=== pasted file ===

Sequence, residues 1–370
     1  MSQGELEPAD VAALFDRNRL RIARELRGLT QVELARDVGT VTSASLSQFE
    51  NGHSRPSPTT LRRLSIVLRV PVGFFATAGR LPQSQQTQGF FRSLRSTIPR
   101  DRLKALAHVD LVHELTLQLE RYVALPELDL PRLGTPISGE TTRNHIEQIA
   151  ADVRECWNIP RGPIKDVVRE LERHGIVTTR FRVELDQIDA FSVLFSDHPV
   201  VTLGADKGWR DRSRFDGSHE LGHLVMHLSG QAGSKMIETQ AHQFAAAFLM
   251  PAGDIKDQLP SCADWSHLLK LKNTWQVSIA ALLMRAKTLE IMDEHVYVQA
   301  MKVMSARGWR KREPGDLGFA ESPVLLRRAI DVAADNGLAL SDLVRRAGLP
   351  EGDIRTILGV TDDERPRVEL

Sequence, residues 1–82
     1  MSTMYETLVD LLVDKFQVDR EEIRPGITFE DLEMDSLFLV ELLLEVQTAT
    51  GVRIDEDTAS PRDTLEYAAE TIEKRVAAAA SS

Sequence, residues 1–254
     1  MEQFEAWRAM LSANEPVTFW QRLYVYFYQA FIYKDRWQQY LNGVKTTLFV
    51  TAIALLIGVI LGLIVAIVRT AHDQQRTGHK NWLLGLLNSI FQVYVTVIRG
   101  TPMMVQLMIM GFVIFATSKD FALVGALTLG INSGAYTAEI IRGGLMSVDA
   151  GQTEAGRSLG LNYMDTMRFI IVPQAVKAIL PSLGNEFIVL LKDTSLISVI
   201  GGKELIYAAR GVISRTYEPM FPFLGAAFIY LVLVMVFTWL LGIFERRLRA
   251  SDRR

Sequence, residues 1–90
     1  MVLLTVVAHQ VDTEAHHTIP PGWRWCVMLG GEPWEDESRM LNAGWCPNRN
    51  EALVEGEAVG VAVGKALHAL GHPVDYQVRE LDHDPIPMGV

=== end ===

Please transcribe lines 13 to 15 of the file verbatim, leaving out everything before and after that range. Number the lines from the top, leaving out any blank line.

Sequence, residues 1–254
     1  MEQFEAWRAM LSANEPVTFW QRLYVYFYQA FIYKDRWQQY LNGVKTTLFV
    51  TAIALLIGVI LGLIVAIVRT AHDQQRTGHK NWLLGLLNSI FQVYVTVIRG